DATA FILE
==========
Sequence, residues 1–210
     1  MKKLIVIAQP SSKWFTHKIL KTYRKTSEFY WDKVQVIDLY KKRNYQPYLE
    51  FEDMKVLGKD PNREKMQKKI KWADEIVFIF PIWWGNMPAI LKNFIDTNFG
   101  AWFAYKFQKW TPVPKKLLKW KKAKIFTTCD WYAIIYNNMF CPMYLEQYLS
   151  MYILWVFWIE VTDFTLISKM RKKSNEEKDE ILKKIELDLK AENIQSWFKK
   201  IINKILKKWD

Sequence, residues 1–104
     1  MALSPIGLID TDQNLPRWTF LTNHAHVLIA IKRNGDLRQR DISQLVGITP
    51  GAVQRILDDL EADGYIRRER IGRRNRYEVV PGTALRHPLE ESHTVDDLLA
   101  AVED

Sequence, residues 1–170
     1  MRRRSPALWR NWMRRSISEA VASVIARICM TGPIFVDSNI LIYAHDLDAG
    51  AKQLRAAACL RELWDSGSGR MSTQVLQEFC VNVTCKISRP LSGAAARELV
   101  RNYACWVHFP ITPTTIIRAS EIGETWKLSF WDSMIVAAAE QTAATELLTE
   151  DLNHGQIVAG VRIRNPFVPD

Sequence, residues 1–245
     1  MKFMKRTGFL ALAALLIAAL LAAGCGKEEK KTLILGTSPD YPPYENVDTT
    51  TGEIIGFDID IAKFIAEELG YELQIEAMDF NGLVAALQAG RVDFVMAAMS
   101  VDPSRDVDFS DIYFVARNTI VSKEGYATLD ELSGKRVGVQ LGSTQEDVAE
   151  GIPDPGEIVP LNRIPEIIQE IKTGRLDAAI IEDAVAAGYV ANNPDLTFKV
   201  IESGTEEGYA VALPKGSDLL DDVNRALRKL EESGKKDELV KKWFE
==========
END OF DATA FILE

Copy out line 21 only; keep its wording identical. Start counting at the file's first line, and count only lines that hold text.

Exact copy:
   201  IESGTEEGYA VALPKGSDLL DDVNRALRKL EESGKKDELV KKWFE